Adam Michael Wright
MAKE A WISH FOUNDATION
None of us thought he’d make Disney World
in time, which is what he asked for
before he died. A fever steered Jonah, Mariah’s brother,
toward extinction on a mattress
in Biloxi. He was nine; wouldn’t make it to ten,
and overflowed his bed pan orange
a second time—a side effect of his yellow meds—
and Mariah cried with small,
almond eyes over her sibling’s wet sweat. I said
we should take a walk
to the brown, black sand of the Sound. Sometimes
broken bottles glinted in the muddy terrain.
She slipped off her K-Swiss sneakers and I wanted
to carry her
because Mississippi was gross. Mariah did not want
her hand held. She was short,
busty, and Italian, and refused to hear my stammering,
insecure guesses at an afterlife.
I thought that’s what a boyfriend was supposed to do.
I told her what I thought—
Jonah’s special. He’ll be in a better place—
then, as we kicked over soot and rock,
I offered to hold her white shoes. She shooed me
away; said “Not now. I wish you’d stop.”
I was her afterthought. She wanted me to stop,
like a stillborn. She wanted her brother
to start over, like rebirth. My Mariah promised
we’d talk. Not then,
but later. And that’s how she broke up with me: all opaque
and with her brother’s breaking body up there in Biloxi.
I didn’t know what she meant, at first, but I thought
we really might be through, so I was dying for
Make a Wish to make me an offer too. Maybe
the charity workers,
unlike a clown or magician, could perform
a miracle. They were like genies
in a lamp, only for sick people, and I was
heartsick. And if the wish-granters would not
cough up my universal request for infinite
wishes, then I’d resign
my one wish to Jonah: for him to have vitality and good health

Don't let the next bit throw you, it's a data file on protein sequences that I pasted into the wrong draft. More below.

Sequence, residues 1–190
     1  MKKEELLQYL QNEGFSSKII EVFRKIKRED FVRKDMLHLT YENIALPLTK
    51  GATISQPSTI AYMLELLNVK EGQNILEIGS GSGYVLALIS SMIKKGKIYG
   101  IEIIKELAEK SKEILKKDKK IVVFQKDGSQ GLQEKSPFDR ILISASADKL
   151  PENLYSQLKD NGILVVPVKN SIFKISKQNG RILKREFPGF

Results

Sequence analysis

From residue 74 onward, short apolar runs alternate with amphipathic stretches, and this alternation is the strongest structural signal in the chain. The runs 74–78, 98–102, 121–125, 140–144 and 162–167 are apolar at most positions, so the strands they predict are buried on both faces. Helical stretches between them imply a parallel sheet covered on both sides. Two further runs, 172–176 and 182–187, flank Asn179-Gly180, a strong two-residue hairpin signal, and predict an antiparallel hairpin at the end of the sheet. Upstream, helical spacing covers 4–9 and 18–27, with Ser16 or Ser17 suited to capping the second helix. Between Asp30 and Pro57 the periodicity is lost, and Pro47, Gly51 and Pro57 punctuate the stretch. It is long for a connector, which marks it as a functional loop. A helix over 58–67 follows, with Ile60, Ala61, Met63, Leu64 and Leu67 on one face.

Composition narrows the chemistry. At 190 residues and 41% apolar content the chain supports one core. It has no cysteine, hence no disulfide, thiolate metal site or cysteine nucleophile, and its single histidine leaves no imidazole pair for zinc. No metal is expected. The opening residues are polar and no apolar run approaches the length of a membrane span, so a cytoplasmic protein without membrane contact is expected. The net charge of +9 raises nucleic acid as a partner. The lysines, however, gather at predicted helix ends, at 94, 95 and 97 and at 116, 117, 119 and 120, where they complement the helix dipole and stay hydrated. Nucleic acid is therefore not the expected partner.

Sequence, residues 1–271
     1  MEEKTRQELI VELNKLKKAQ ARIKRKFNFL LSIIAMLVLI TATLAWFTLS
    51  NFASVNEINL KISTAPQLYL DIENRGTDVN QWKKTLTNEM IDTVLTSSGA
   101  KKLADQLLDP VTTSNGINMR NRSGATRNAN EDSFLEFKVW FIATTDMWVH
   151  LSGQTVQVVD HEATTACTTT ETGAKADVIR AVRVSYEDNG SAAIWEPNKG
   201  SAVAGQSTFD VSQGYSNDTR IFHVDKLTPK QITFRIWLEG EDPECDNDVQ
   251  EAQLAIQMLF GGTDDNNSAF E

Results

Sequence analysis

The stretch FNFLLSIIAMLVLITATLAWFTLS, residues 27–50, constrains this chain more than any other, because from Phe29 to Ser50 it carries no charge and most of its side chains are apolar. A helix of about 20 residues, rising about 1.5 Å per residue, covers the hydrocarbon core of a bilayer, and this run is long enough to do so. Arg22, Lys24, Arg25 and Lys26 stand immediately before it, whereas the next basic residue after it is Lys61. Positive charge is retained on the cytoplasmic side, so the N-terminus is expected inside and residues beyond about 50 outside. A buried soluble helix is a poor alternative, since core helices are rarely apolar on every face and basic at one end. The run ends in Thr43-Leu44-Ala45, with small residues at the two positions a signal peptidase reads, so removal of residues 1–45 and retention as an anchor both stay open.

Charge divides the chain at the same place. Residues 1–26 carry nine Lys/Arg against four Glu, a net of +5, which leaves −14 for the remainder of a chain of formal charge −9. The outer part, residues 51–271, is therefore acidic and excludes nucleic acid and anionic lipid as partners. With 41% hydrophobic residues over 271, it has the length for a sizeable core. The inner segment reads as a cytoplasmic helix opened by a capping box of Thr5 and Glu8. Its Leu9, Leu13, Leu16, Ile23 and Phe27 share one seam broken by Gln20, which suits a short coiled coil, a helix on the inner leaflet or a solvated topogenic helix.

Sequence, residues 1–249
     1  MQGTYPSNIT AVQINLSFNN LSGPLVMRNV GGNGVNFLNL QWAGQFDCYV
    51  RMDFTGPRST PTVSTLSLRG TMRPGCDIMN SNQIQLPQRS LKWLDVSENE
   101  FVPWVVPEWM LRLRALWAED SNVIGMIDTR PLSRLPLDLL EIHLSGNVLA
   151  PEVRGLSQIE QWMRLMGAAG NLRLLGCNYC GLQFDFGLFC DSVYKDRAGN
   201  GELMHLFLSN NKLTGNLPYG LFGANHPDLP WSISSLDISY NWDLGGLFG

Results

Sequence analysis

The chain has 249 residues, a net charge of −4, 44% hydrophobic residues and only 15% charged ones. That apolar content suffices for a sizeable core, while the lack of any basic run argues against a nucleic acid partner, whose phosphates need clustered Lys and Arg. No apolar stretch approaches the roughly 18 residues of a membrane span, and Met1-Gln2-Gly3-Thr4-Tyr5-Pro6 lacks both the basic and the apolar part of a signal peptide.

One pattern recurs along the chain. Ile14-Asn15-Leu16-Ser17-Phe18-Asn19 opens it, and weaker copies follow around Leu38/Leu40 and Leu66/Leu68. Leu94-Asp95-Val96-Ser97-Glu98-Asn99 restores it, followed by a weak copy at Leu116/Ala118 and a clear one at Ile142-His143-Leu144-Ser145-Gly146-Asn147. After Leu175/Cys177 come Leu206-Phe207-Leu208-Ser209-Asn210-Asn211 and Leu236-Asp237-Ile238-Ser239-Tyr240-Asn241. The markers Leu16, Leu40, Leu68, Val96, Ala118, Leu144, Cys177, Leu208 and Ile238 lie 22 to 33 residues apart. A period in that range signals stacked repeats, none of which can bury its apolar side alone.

in the Magic Kingdom.
But since her brother would live, I’d still also wish (kinda like hope)
Mariah wouldn’t be mad
at me, and I still wished to save her from her dirty ocean feet.
She wasn’t gross. I was grotesque—
looming over my loss as Jonah, like baloney,
neared an expiration date: just lying there.
When we returned to the hospital Jonah’s fever
broke. He had a chance,
they said. Not like Mariah and me. Thanks to those
damn pills that forced him to piss
Tropicana. The doctors squeezed the fever out, like juice
from an orange. His color returned, but the Foundation
did not. Because he got better, they took Jonah’s
wish away. His head healed.
The charity had a change of heart. The deal was off.
Genies make dreams come true—only for dying kids.
I protested that we’re all terminal, and we should all get
what we want before we die, and to get back together
with our girlfriends. Whether angry her brother might never see
Disney, or incensed that I thought
he wouldn’t make it, Mariah swore we were through
forever. I thought Indian giver, and I’m sure
Jonah did too. That’s how afterthoughts think. He and I
will never forget the wish takers
are also the granters. The good news, like side effects,
always gets coupled with bad,
like you’ll pee orange; like the love of your life
can be unfair; like you can’t live
forever but you’re not gonna die just yet.
You’re not going to see God. You’re not going to see Mickey.
—from Rattle #34, Winter 2010